Screenshot: NBC 8

Despite the fact that a viral video seems to show none of this, a 19-year-old was shocked by a Taser and taken to jail after Chesterfield County, Va., police officers say the teenager resisted arrest and assaulted an officer.

Elkanah A. Odembo Jr. was charged Tuesday with assault on a law enforcement officer, defective equipment and three counts of obstruction of justice with force after what the Chesterfield County Police Department described as a violent event.

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But a now viral video seems to show what preceded the event.

The video begins with the officer asking Odembo to step out of the vehicle. When Odembo refuses and the woman holding the camera asks why the cop is pulling on Odembo, the officer replies, “Because he is not complying with me and he keeps trying to step out of the vehicle.”

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But he just said ... never mind.

The police allege that all of this happened because of a broken brake light. (Have you ever been asked to exit your vehicle because of a broken light?) The video ends when Odembo exits the vehicle.

After the video went viral, the chief of the Chesterfield County Police Department, Col. Jeff Katz, sent out a tweet saying the video didn’t tell the entire story:

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According to NBC 12, the department issued a full statement explaining its version of events:

The officer attempted to stop a vehicle in the area [of] Hollow Wood Court. The vehicle pulled into a driveway in the 3400 block of Hollow Wood Court. As the officer approached the vehicle, the driver had the car door open to exit the vehicle. The officer asked the driver for his identification. The officer told the driver he had been stopped because a tail light was out on the vehicle, and the officer had received information that the occupants of the vehicle had been gesturing and yelling things at a school bus.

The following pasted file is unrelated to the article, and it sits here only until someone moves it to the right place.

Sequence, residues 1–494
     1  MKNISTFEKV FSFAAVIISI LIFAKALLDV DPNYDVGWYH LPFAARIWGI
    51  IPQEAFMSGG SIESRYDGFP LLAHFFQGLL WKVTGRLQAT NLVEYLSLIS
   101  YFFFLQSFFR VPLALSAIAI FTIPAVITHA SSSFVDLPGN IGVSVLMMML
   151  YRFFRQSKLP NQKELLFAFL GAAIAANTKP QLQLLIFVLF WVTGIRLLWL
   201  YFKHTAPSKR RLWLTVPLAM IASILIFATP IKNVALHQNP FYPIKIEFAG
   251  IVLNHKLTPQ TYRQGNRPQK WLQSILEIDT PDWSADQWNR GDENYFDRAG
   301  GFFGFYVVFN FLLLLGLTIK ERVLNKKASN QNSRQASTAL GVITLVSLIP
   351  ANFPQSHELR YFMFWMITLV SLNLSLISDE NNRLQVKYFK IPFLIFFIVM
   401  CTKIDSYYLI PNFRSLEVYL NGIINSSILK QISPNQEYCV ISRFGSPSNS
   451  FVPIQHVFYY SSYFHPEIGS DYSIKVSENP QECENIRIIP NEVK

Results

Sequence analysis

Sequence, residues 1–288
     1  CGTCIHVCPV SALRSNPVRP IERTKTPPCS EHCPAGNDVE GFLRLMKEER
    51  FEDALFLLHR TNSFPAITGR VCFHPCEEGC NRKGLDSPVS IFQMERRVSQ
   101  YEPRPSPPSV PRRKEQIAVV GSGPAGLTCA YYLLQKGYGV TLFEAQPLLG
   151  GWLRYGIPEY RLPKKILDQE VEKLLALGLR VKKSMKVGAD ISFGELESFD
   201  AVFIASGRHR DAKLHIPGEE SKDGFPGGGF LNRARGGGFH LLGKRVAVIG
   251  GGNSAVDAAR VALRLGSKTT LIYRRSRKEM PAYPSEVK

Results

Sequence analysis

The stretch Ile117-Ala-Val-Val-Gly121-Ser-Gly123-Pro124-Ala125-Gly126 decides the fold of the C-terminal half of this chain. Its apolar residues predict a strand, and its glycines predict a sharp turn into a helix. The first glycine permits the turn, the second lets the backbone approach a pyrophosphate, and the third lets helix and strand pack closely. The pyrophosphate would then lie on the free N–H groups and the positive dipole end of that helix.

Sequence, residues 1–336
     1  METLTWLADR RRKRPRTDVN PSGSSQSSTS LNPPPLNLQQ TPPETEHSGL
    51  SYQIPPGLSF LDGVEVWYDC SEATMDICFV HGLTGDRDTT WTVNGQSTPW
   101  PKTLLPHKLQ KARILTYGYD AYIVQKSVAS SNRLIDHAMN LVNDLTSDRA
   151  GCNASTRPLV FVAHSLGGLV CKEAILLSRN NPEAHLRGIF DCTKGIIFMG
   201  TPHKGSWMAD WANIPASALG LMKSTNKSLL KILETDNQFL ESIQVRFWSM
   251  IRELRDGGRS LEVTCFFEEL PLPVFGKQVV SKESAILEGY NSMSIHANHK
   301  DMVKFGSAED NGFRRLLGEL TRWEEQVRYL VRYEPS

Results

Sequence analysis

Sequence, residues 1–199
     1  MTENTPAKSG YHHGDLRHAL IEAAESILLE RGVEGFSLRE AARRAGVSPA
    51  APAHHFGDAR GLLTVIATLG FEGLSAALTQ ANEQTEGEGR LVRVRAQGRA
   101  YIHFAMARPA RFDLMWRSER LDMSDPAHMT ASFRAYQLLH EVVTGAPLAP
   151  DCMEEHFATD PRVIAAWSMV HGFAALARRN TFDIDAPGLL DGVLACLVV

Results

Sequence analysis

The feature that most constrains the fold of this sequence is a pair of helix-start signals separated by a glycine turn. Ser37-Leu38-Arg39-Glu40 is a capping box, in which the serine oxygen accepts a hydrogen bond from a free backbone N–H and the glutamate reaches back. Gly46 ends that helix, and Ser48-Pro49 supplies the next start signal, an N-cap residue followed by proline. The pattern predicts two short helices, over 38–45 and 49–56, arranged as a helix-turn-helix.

The driver did not have his ID, and the officer began to take his information (name, date of birth, etc.). The driver said he didn’t see a problem and attempted to exit the vehicle, and the officer told him to stay in the vehicle. The driver continued to not cooperate with the officer, so the officer told the driver he was being detained and asked him to step out of the vehicle. The driver then refused to exit the vehicle. The officer repeatedly directed the driver to exit the vehicle and attempted to remove the driver from the vehicle; the driver resisted.

At one point, a passenger in the vehicle exited the car and the officer ordered her back into the vehicle. The driver then exited the vehicle as he was being pulled by the officer; he pushed past the officer and fled around and then into the residence. The officer pursued the driver. The officer caught up to the driver and the two engaged in a physical altercation as the driver resisted being taken into custody. Other officers arrived on scene to help take the driver into custody, and the driver continued to resist, at one point re-entering the residence.

The driver was Tased and taken into custody. He continued to passively resist as officers escorted him from the house. The officer who conducted the traffic stop received non-life-threatening injuries during the altercation and was taken to an area hospital.